05 January 2015

Old Odds and New Ends

Jan Grape
by Jan Grape

Good grief, Charlie Brown where did 2014 go to? Seems like it was here and it was, until it wasn't. Now how long will it take me to remember to write 2015 on my checks instead of 2014? The year ended here in central TX with cold and sleet, but much more of the country had heavy snows, ice and tornadoes as they bid farewell to the old Year. Maybe it's time to let such a wild crazy year be on its way and welcome the New Year.

Did you finish all your projects? I didn't. I come from the school of Never Do Today What You Can Put Off Until Tomorrow. It could be that I'm lazy, but I honestly think it's just my born nature. I have a To-Do list about five miles long. I'll probably never live long enough to finish them, however, I do keep trying.

One thing I'd like to know from my fellow writers and readers, and please answer in the comments: Do you ever stop reading a book that you just flat-out don't like? Or do you trudge on until the very end?

Personally, I don't keep reading a book if I find that I don't care if these characters live or die or get together or whatever. I remember years ago, everyone was talking about a book that was on the New York Times bestselling list. I got a copy of the paperback when it was published and began reading it. I thought it was terrible, nothing really happened and I was bored. The characters were non-entities and I sure didn't care if they lived or died. But I kept reading and you know what? The book never got any better. And when I finished it, I was mad at the author for writing this nonsense. I was mad at whoever decided this was a must-read book. But mostly I was mad at myself for not throwing that book across the room and forgetting it. I decided I wouldn't do that again.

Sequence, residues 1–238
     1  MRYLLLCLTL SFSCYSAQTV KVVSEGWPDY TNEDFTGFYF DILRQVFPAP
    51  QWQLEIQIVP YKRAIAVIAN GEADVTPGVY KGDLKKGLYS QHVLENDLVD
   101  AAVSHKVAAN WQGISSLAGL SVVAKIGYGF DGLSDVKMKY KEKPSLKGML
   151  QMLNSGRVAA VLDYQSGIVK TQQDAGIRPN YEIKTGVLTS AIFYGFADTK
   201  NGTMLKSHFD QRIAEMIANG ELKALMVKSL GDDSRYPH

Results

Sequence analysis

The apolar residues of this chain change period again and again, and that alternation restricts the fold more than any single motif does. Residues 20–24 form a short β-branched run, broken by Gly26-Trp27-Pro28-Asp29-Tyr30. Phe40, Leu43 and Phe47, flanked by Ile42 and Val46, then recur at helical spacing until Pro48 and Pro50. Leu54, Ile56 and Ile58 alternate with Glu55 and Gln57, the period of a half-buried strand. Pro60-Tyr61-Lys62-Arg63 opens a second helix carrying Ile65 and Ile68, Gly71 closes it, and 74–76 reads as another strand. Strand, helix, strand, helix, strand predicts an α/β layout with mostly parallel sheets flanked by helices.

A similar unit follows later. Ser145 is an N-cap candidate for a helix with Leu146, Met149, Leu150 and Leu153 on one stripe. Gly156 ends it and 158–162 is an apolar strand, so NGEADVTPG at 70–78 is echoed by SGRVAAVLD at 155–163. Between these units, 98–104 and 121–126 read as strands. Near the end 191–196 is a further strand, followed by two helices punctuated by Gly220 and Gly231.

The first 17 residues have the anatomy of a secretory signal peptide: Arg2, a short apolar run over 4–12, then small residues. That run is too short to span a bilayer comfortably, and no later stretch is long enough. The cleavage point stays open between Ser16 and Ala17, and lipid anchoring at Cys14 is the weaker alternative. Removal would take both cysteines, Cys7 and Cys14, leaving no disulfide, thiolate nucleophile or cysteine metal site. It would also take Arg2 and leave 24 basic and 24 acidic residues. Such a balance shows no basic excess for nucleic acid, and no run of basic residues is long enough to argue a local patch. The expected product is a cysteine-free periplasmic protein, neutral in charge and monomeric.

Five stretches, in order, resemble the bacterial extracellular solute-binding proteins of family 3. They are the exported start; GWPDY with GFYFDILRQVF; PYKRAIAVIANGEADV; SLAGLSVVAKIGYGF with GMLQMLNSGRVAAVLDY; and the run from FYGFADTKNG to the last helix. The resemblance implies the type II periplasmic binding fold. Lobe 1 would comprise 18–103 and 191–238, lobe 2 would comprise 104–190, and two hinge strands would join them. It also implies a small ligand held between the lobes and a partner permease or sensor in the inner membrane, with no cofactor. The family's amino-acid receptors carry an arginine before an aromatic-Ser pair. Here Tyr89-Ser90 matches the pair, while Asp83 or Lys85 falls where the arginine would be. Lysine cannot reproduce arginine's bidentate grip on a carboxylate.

A few years after that I tried to read a book that is currently popular in the movies, something about Hobbits and the underworld. The books and movies have been highly successful. I read about 75 pages and that was my line in the sand. I gave the book back to my friend who had lent the book to me. "I just can't get interested in it." My friend said, "You have to read about 100 or so pages before it begins to get good." Thanks, but no thanks. I'll never live long enough to read all the wonderful books by people that I want to read.

This sounds like I won't read new authors but that's not so. I love to discover new writers but I'm just careful to choose a book that I think I'll like. Since I owned a bookstore for nine years, I learned the old trick that most readers use in a bookstore. First they pick up a book with a jacket or title which intrigues them. Then they'll read the back cover or the inside jacket cover to see if there is a plot synopsis. Then they will open the book and read the first page or two.

One nice thing about the bookstores online (the devils) have a few reviews, or at least allow you to read a bit of the first chapter. A review can't always sell me but I can usually tell from the reviews if I might or might not like the book. And if I read a few pages or a first chapter on line and I want more then I know I'll most likely enjoy that book and will often buy it.

Personal recommendations always play a big part. When a bookseller tells you about a particular book it helps. The Indie bookstore (which is quickly fading away) is great for this. Because they get to know their customers and know if they like Jim Doe that they will probably like John Doe also. I often suggested a customer read an anthology, especially a theme anthology, to find new authors. Many times they'd say, "Oh, I never read short stories." And I'd counter with: just think how you'll discover many new writers. The author may write a short story with the same characters they use in their books. Or they might write a new set of characters that you really like and want to read more about. Just no way to go wrong that way.

My final notes here, Do you make New Year's Resolutions?